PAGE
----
The heightened support for investment from Labour voters compared to Conservative voters, likely reflects their broader, more hard-wired instincts towards and against a more active state. It is fascinating that this instinct appears to override Labour voters’ otherwise comparatively reduced interest and knowledge of foreign affairs as an issue of concern.


3. Labour voters spread their interest in foreign issues across a much greater number of issues than Conservative voters, due to their disproportionate interest in environmental and humanitarian issues.

Labour voters are invested in a wider range of internationally relevant issues than Conservative voters. They have a considerably larger stake in issues such as climate change (50 per cent vs. 27 per cent of Conservative voters), humanitarian crises (28 per cent vs. just nine per cent of Conservative voters), and global wars such as Syria (23 per cent vs. 10 per cent of Conservative voters).

Yet, they are also interested, though to a lesser extent, in areas that are important to Conservatives, such as Brexit (53 per cent), international terrorism (33 per cent), immigration (30 per cent), trade (20 per cent) and international crime (15 per cent).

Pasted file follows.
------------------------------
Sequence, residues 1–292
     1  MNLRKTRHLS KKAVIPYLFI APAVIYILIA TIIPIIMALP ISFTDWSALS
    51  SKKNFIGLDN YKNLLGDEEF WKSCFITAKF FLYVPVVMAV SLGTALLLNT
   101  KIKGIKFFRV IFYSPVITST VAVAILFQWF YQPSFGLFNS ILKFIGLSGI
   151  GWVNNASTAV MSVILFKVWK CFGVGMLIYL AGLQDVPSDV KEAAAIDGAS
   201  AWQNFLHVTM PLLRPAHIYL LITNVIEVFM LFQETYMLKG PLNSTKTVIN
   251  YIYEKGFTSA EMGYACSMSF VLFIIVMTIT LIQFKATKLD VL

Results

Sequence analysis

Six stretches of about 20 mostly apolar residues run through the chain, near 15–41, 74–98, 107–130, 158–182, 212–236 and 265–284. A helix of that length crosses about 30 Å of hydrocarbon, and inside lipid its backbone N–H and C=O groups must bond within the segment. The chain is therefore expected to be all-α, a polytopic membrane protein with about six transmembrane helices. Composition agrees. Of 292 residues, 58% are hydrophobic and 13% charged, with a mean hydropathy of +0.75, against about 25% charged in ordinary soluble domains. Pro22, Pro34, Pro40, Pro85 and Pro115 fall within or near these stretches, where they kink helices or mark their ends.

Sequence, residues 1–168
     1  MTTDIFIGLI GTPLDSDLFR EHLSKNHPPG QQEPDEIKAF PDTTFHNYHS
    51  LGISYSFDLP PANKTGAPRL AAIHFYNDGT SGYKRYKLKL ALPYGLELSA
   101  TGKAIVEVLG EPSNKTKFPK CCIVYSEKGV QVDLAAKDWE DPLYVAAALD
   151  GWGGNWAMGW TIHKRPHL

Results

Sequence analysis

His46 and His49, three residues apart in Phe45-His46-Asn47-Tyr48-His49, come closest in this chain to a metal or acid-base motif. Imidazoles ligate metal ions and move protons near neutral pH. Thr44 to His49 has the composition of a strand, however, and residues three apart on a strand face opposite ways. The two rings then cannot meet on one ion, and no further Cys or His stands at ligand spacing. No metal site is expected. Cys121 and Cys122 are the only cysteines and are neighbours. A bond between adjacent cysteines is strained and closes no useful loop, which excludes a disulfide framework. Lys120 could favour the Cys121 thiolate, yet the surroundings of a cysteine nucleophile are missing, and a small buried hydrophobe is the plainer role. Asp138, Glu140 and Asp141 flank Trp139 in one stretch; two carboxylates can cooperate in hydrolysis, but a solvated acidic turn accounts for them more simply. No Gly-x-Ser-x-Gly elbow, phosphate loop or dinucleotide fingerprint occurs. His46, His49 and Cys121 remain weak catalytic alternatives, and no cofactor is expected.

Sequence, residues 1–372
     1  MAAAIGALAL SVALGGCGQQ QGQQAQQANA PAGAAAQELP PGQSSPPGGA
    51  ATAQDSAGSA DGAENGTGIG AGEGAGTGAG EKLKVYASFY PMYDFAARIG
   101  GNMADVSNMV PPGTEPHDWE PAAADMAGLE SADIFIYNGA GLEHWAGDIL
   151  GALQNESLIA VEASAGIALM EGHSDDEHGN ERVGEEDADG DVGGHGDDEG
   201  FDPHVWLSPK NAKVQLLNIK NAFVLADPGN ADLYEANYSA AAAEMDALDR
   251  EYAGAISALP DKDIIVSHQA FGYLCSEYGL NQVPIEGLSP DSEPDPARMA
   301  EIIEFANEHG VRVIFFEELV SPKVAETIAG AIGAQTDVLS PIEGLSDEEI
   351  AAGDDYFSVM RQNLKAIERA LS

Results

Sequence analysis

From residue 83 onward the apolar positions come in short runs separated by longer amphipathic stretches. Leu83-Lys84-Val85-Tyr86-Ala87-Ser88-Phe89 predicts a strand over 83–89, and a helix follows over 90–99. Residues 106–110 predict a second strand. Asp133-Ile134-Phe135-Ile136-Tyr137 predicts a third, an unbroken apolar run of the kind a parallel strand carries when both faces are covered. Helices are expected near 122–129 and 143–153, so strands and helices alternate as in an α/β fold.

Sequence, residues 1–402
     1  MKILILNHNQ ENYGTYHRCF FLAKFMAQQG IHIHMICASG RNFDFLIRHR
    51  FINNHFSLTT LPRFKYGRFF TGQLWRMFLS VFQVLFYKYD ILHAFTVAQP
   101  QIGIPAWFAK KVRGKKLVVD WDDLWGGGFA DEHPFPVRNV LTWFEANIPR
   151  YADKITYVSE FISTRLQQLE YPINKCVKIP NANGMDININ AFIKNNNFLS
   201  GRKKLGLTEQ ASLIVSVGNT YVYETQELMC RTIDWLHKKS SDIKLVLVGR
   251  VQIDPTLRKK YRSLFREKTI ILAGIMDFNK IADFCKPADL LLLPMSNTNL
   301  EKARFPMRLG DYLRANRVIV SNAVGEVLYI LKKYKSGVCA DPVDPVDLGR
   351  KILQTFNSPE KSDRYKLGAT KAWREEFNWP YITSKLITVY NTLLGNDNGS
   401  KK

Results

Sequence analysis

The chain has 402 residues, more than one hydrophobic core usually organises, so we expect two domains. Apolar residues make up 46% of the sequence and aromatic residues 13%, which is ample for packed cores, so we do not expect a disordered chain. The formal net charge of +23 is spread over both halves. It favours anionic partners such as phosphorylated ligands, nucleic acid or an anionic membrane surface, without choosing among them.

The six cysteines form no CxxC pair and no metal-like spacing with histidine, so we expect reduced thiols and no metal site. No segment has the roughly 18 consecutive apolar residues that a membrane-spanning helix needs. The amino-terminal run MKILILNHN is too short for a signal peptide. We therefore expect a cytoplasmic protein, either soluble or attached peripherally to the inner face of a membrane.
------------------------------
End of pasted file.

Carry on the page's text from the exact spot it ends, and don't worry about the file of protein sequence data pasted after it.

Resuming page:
The areas where Labour voters differ most dramatically from the broader country as a whole are in their reduced interest in immigration (12 percentage points less concerned), and their out-sized interest in climate change (12 percentage points more concerned) and humanitarian crises (10 percentage points more concerned).


4. Labour voters are twice as likely to want the UK to be seen globally as a non-interventionist nation, rather than as a nation which intervenes to resolve conflicts.

When asked how they would like the UK to position itself in the world, only 11 per cent of Labour voters want to be seen as a nation that intervenes in global conflicts, while twice as many would specifically prefer to not be seen as an interventionist nation.

The BFPG is undertaking dedicated research on this topic, to further explore the complex dynamics on this issue across all parties in the post-Iraq, post-Syria landscape.